Newton’s Rejection of the Modification Theory of Colour
(N): Colours are original and connate properties of light. By interaction with material media, with prisms for example, they are not generated, but only separated from one another. Before such interactions, they are contained in light in a confusedly intermingled manner.
(MT): Colours are not original properties of light. They are generated in particular interactions with material media by certain modifications which matter causes in light.
(P): Colours are generated by the admixture of darkness to light or, more generally, by the interaction of light and darkness, mediated by material media.
KeywordsModification Theory Material Medium Weak Reflection Geometrical Boundary Connate Property
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- 1.For the clarification of these theses I am indebted to Nakajima (1984). I disagree, however, with certain of his conclusions.Google Scholar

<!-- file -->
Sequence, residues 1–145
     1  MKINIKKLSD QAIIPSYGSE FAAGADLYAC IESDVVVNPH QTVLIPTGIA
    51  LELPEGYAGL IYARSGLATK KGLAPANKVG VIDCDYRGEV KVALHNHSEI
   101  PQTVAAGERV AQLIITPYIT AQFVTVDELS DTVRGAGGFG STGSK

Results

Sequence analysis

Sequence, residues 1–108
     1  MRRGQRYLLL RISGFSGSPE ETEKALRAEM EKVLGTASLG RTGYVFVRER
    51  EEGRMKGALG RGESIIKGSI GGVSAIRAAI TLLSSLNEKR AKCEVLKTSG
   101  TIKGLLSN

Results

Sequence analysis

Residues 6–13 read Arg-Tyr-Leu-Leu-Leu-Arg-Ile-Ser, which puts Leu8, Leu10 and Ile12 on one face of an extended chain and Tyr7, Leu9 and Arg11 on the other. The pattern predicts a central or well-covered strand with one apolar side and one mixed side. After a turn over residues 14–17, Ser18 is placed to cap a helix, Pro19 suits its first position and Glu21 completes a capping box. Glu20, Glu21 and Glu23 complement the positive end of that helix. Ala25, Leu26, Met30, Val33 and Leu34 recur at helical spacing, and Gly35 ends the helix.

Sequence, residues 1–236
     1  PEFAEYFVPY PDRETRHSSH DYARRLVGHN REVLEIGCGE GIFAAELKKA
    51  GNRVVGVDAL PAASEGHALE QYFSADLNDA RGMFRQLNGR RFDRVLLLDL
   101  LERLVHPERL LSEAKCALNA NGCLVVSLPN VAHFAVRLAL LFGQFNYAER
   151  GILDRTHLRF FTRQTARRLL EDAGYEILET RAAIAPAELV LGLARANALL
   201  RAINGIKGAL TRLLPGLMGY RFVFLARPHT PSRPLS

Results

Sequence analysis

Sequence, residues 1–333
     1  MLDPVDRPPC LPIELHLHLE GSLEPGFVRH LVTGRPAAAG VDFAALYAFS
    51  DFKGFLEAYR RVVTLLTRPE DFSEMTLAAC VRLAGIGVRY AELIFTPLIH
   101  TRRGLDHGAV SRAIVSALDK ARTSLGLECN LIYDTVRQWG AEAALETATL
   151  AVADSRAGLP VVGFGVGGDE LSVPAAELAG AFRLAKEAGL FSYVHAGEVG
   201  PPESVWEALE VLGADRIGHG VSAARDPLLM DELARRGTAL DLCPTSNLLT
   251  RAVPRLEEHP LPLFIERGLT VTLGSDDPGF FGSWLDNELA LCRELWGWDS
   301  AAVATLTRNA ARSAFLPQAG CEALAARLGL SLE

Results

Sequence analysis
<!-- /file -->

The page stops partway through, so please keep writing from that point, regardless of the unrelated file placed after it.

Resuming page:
- 2.For a general view see Guerlac (1986) or Sabra’s classical study (1967).Google Scholar
- 3.See the suggestion made by the editors in Newton (1983), p. 244.Google Scholar
- 4.Newton (1983), p. 389.Google Scholar
- 5.To conclude, as does Nakajima (1984, p. 271), that Newton at this time believed in some sort of modification theory, seems to me not to be justified.Google Scholar
- 6.Newton (1983), pp. 433f.Google Scholar
- 7.Newton (1983), p. 435.Google Scholar
- 8.Newton (1984), pp. 434-436.Google Scholar
- 9.Newton (1984), pp. 490-506.Google Scholar
- 10.Newton C I. 96f.Google Scholar
- 11.Opticks Prop. 7, p. 158.Google Scholar
- 12.Opticks Qu. 27, p. 361.Google Scholar
- 13.For an analysis of this development see Shapiro (1980).Google Scholar
- 14.Opticks p. 113.Google Scholar
- 15.See, for example, his summarizing conclusion on p. 121 or his formulation of the general result in Prop. 7, p. 158.Google Scholar
- 16.Opticks p. 59.Google Scholar
- 17.Opticks p. 120.Google Scholar
- 18.Opticks p. 120.Google Scholar
- 19.Euler (1768), part 2, letter 133.Google Scholar